The cave was small and sat within a deep crevice in rocky hills at the edge of an abandoned orchard, now spread with buttercups and bluebells. Tightly wound grapevines lay all around, giving it an appearance of a wolf's lair, with dead tree branches shielding the cave's entrance.

Andre had made many trips in a borrowed truck before the final move, stocking the cave with empty wine bottles saved from his father's wine cellar. His plan was to fill the bottles with the mineral-rich water and store them for the days ahead.

After months of preparations, the first day of the move had finally arrived.

David and Hava, the Jewish couple he was hiding, had become family to Andre. Contrary to Jewish tradition, they had named their newborn son after him, instead of a deceased ancestor, in gratitude to the young boy they shook hands with in the field years ago.

Little Andre had blondish-hair, resembling his namesake. This was a mystery to them all, and they laughed about the similarities in the two boys almost daily.

Andre loaded the truck bed with David and Hava hidden underneath burlap sacks layered with handmade baskets. Little Andre sat next to him in the front seat, posing as his son.

His sweet maman brought food and drink for their travel along with a kiss. "Andre, if you cannot get back to me safely by tonight, wait until you are able. I will be in the root cellar with Jeanne-Louise, hiding until you return. Happy thoughts, mon cher."

Jeanne-Louise clung to his shirt, not wanting to let go. "I'll be back soon for you, my littlest girl. You behave for Maman, you hear?" Their two hands lingered as they parted.

His mother looked upon him as he drove away, realizing Andre had become a fine man--just like his father.

Andre delivered David and his family safely to the cave, and began to set up housekeeping right away. He hung a few paintings, displayed near the entry so the light would shine upon them. It was already feeling homey, he thought.

Hava prepared a mushroom broth and set about the bedding and cushions.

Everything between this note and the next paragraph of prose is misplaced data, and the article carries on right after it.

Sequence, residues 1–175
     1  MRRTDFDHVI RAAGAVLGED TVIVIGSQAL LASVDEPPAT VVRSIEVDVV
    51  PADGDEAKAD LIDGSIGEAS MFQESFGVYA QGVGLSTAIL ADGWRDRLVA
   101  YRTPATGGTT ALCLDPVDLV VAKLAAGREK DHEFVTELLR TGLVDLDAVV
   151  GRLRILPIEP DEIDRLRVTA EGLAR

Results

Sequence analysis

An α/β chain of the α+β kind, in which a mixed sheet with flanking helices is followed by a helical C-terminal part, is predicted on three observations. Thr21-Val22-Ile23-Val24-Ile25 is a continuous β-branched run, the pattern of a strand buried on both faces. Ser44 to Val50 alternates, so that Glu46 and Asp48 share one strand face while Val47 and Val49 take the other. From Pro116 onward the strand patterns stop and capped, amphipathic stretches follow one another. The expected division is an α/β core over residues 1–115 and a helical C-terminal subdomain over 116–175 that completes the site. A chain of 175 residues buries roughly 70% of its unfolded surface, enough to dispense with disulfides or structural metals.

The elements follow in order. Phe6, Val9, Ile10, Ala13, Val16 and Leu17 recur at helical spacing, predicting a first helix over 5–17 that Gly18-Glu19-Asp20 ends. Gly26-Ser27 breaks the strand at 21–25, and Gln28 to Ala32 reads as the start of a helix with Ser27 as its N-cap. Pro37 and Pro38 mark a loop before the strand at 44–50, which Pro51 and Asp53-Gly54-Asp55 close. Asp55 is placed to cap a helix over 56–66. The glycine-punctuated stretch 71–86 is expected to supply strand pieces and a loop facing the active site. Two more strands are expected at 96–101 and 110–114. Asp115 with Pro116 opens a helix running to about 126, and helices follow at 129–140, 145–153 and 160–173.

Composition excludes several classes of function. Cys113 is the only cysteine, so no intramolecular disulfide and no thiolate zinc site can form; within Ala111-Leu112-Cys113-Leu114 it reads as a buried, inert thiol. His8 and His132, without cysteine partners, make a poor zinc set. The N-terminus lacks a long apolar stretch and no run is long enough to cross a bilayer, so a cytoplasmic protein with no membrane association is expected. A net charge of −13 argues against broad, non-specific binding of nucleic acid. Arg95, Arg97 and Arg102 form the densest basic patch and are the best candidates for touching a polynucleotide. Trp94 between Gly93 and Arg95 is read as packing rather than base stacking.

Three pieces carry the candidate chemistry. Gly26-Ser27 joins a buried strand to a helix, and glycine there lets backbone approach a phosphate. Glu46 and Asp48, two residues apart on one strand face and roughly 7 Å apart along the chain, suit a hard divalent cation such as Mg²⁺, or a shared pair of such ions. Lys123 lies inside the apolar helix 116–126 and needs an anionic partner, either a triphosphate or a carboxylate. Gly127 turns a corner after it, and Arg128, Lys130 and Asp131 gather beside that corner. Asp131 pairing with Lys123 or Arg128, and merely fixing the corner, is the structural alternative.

An afternoon rainstorm arrived and delayed Andre's return to the farm. "It would have to be t'morrow," he thought. "Surely the road would be washed out."

He slept soundly his first night after eating the delicious broth and bouncing little Andre on his knee. The gentle rainfall along with the crickets' night song had worked their magic once again.

***************

After a rocky start, Ms. Bishop directed her opening statement to the jury. She seemed nervous, hurried, and obviously uncomfortable in her own skin.

"Philippe Savard is an innocent man. He is guilty of nothing more than being in the wrong place at the wrong time. The real criminal is Andre Dupree's son, Charles, who unfortunately has passed away. We agree, as the defense for Mr. Savard, Charles Dupree had staged the murder scene in order to frame our client. There is no premeditated murder with malice here, deserving of a first-degree murder conviction. The defendant maintains his good name and unfortunate involvement in this case. All the evidence is purely circumstantial from our point of view. We hope the jury will do the right thing and return a verdict of not guilty."

"Thank you, Counselor. The court appreciates your standing in for Mr. Moore," said the kind judge.

Judge Hawthorn continued, recognizing Prosecutor Owens with a nod.

Mr. Owens responded, "Thank you, Your Honor. The state would like to call Dr. Marie MacLavish to the witness stand."

The forensic pathologist and tri-county medical examiner walked confidently to the witness stand, just as she had done on many occasions.

The bailiff swore her in and seated her, adjusting the microphone. The afternoon sun shone on her silvery hair and clear blue eyes.

"Doctor MacLavish, thank you for your appearance in court today," commented Mr. Owens.

"It is my honor to be here today."

"We are privileged to have such an expert and life-long citizen among us today. You graduated with honors from LSU and Tulane. Is that correct?"

"Yes. LSU for my undergraduate degree and Tulane University School of Medicine for my post-graduate degree. I also had my fellowship with Tulane University and residency at Lafayette Medical Center."

"And, how long have you served Lafayette County as the Board Certified Medical Examiner?"

"Twenty-seven years--give or take."

"Doctor, I am going to switch gears, and begin with forensic questions related to the murder of Andre Dupree. I understand you have brought visual aids for the jury and court attendees today and will speak in layman's terms. Is that correct?"

"Yes. I think it will be helpful and bring clarity in understanding the forensics of this case. It will only take a few minutes to set up--if that's pleasing to the court?"

"We will have a short recess and reconvene in thirty minutes," said the judge as he rapped his gavel.

Ashley Bishop felt relieved, collapsing into her antique chair. She glanced at her cellphone, ignoring the body language from Philippe Savard. There was one missed text message from Clayborne Moore.

It said: "Sorry, Ash, I was feeling so bad, I had my wife drive me to the ER. Talk later?"

To be continued . . . .


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To read on to chapter 19 of "What the Blind Girl Saw", click here.



Maman is French for mama or mother.